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ATP enzyme

the energy-producing motor of the human body North West,

Computer graphic showing coloured spheres stuck together in a chain and labelled ‘ATP’.
Molecular model showing the structure of adenosine triphosphate (ATP). Wellcome Library, London.

While working at the Laboratory of Molecular Biology, Cambridge, John Walker (born 1941) revealed how the energy necessary for all life processes is produced within the human body. 

Cells contain tiny ‘organs’ including ‘batteries’ called mitochondria, which bristle with thousands of copies of an enzyme called ATP synthase some 200,000 times smaller than a pinhead.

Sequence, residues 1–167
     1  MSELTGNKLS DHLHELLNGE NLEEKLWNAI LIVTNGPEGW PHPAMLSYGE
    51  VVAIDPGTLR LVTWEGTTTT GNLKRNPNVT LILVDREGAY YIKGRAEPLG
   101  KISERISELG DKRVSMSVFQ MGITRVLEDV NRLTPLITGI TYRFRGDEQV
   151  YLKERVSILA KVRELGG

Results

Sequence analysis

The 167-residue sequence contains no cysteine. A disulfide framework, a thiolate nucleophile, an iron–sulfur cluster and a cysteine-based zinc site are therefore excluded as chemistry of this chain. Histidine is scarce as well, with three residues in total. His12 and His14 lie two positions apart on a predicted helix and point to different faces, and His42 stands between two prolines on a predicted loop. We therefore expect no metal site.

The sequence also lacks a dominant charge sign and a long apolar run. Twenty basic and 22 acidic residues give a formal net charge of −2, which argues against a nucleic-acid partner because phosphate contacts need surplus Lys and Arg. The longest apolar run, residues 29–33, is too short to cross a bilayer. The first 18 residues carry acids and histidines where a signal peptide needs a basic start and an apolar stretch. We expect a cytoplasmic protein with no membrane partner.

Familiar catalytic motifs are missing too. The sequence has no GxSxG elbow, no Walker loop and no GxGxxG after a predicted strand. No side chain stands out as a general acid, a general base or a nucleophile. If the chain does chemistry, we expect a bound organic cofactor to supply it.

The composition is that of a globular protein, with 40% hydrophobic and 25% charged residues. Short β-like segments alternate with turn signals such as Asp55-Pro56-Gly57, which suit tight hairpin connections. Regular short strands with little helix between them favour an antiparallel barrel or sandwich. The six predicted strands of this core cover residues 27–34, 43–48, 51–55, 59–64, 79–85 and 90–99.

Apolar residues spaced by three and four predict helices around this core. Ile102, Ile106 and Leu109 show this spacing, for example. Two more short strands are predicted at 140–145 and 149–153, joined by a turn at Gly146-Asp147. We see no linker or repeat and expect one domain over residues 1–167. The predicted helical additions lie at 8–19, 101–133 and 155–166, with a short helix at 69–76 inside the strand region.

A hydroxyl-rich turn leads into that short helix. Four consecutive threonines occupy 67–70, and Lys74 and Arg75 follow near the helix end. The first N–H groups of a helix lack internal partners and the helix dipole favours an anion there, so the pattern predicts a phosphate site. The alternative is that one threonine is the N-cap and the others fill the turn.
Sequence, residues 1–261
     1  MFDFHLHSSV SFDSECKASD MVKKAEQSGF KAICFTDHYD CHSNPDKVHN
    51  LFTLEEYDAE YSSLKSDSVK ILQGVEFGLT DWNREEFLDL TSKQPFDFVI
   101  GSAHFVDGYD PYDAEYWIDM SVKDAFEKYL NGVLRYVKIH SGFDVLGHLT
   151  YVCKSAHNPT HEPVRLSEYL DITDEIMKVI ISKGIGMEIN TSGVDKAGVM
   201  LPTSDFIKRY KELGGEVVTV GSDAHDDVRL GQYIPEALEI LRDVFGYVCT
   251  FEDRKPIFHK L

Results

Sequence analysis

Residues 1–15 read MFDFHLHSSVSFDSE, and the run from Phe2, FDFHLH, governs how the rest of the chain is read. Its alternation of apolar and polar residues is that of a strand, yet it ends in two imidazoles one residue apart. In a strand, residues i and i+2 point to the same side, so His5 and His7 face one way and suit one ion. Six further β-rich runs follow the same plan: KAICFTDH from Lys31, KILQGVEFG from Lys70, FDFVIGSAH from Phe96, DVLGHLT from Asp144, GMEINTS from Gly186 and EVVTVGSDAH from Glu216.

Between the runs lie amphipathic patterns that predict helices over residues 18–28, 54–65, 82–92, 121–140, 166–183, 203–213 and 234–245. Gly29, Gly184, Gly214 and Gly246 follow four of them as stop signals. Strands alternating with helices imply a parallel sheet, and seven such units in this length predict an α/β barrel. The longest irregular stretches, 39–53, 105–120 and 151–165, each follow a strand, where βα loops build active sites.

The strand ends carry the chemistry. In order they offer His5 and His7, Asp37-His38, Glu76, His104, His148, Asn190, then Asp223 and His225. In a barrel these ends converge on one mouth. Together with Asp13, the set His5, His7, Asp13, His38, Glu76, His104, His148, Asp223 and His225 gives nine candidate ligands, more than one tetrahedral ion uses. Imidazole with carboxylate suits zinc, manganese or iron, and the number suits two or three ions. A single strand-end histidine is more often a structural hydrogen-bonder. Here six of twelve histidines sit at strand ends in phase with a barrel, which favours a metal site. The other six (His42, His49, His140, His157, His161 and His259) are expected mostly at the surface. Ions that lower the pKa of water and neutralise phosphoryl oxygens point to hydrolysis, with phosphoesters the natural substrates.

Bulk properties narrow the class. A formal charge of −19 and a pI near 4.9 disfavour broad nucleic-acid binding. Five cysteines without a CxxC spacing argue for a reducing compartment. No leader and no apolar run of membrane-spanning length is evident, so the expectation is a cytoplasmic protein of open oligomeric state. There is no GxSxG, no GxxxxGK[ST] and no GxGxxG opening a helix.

Walker made his first studies of ATP synthase at the beginning of the 1980s, and in the 1990s collaborated with X-ray crystallographers to clarify the three-dimensional structure of ATP synthase. The enzyme spins 60 times per second to churn out the energy currency of our bodies, a molecule called ATP (adenosine triphosphate). 

For uncovering the details of how the human body functions Walker was awarded a Nobel Prize in 1997. 

Science Museum

Chemistry, Biology,
North West
Daresbury Laboratory, Cheshire
Key Individuals
John Walker,